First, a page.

The attack on Sudanese civil society and human rights defenders has been intensified in the last three years. Several civil society and cultural centers have been closed and the activities of NGO’s working to promote human rights in the country have been restricted largely.
Arwa Al-Rabie, lawyer, musician and human rights defender also known for her cultural activities including documenting the work and lives of women musicians and artists in Sudan, used to work at the now-shut down Al-Khatim Adlan Center for Enlightenment and Human Development (KACE) before moving to TRACKS in 2013. She witnessed NISS raid her offices several times, at KACE and TRACKS. She faced long periods of interrogation, was intimidated and threatened and her phone has been bugged for long periods of time.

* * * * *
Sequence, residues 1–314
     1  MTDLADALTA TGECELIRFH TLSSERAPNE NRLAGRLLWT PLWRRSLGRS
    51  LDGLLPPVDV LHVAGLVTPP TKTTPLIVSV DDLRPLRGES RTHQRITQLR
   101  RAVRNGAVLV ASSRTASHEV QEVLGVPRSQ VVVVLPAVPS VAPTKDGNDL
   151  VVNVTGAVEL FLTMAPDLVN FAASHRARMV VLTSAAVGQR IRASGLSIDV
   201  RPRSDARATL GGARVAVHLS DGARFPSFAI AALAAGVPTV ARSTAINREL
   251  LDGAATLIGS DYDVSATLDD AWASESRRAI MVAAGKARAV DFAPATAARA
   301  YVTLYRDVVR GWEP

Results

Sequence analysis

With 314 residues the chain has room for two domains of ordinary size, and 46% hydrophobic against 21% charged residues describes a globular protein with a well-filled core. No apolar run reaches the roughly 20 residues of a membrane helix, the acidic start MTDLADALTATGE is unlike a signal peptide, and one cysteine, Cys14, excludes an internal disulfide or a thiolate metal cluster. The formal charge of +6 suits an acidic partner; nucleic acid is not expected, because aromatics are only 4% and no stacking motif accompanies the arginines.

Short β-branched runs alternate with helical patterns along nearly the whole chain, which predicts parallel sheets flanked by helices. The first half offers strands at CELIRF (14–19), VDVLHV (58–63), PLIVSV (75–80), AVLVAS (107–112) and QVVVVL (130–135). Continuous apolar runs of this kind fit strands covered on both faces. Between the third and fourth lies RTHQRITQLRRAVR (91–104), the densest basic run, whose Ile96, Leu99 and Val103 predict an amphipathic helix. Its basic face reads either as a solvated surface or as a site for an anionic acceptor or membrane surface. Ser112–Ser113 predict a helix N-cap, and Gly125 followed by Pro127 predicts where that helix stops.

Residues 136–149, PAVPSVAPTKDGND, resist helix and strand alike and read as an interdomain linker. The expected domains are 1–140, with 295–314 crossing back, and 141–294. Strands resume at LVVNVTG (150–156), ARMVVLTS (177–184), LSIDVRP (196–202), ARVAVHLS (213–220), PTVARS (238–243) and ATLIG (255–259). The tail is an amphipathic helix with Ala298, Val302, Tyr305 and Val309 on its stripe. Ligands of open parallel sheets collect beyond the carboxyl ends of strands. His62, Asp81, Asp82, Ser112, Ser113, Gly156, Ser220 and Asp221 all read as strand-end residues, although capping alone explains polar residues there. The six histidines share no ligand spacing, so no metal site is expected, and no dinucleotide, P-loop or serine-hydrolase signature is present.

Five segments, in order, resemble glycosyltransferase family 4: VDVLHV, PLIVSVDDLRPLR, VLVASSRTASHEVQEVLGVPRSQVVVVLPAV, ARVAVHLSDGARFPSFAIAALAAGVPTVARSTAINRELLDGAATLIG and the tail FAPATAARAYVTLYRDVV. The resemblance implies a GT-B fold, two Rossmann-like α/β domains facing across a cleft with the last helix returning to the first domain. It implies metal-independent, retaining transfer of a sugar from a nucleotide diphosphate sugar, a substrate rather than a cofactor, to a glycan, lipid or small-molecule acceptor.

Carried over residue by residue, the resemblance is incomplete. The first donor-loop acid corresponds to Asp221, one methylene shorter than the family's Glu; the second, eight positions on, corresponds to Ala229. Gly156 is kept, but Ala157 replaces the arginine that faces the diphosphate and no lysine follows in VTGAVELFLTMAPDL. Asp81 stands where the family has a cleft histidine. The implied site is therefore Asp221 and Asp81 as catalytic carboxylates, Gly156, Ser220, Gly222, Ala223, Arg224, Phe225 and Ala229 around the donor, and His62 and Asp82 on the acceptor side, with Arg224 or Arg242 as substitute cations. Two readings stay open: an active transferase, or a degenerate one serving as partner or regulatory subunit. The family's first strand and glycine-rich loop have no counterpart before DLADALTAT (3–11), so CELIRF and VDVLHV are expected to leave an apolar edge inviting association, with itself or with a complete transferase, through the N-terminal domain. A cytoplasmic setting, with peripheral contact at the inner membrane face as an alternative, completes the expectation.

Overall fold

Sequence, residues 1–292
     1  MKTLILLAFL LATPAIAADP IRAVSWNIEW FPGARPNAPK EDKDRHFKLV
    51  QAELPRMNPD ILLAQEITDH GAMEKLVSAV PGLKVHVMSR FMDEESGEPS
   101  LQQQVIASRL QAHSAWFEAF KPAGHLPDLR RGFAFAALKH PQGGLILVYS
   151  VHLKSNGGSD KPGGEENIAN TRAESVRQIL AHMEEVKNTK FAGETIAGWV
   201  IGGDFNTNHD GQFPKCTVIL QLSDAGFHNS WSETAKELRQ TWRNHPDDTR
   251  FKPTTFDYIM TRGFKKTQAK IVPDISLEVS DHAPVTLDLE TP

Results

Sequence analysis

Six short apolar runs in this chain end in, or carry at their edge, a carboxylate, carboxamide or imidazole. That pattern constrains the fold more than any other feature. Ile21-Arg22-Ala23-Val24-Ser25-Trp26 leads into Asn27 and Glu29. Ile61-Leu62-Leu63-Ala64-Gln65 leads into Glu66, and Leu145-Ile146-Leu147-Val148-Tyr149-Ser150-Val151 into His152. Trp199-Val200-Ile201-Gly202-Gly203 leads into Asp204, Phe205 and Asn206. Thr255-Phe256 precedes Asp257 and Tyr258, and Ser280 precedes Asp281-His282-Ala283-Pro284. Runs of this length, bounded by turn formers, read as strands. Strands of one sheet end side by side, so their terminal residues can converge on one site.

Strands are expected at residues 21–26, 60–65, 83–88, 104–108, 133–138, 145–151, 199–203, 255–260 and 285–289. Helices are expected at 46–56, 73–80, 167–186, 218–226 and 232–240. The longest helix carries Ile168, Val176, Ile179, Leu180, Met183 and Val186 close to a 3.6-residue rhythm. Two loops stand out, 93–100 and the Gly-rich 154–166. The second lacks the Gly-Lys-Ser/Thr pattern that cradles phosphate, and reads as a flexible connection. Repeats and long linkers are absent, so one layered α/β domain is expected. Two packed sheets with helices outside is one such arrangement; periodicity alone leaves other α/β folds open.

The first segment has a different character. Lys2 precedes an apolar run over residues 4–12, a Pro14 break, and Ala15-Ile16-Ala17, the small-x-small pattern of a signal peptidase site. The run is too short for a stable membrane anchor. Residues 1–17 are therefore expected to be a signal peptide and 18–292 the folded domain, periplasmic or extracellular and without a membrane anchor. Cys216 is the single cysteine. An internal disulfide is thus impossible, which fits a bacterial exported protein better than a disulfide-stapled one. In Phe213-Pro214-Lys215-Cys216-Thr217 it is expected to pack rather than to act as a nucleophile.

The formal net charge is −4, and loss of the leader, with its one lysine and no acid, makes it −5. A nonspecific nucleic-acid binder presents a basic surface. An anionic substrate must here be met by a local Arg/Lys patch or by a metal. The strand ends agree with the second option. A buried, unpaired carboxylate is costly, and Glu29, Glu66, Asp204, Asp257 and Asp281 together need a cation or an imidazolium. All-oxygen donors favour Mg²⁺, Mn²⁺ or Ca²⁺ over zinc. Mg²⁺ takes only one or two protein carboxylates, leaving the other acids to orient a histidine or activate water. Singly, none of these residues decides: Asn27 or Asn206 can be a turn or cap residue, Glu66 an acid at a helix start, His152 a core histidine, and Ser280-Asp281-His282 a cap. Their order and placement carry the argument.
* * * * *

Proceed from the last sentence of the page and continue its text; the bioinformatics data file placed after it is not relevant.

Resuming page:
But in Egypt the judicial harassment against women human rights defenders and civil society activists have been escalating prominently. The case no.173, known as case on foreign funding of civil society, prosecutes WHRDs, limits their activities and banned their access into the public sphere.
In the latest event Interior Ministry passport control officers at Cairo International Airport stopped Mozn Hassan, the director of Nazra for Feminist Studies, from boarding her flight to Beirut to attend the executive meeting of the Coalition of Women Human Rights Defenders in MENA Region.